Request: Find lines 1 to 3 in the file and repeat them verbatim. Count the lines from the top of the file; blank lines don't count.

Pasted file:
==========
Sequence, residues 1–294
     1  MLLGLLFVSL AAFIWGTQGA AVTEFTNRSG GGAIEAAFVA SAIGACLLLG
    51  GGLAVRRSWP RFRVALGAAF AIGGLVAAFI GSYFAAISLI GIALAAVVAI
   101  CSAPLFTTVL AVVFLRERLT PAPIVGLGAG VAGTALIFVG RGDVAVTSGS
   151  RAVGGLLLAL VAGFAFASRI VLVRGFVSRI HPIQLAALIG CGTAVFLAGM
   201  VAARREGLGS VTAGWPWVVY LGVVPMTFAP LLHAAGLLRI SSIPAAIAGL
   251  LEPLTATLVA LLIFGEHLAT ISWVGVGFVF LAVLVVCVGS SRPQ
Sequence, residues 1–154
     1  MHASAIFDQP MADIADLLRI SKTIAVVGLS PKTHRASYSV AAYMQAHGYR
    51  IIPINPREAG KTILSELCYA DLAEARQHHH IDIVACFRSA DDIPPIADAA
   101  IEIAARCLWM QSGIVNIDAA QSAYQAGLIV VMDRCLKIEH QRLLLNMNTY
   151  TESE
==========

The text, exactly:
Sequence, residues 1–294
     1  MLLGLLFVSL AAFIWGTQGA AVTEFTNRSG GGAIEAAFVA SAIGACLLLG
    51  GGLAVRRSWP RFRVALGAAF AIGGLVAAFI GSYFAAISLI GIALAAVVAI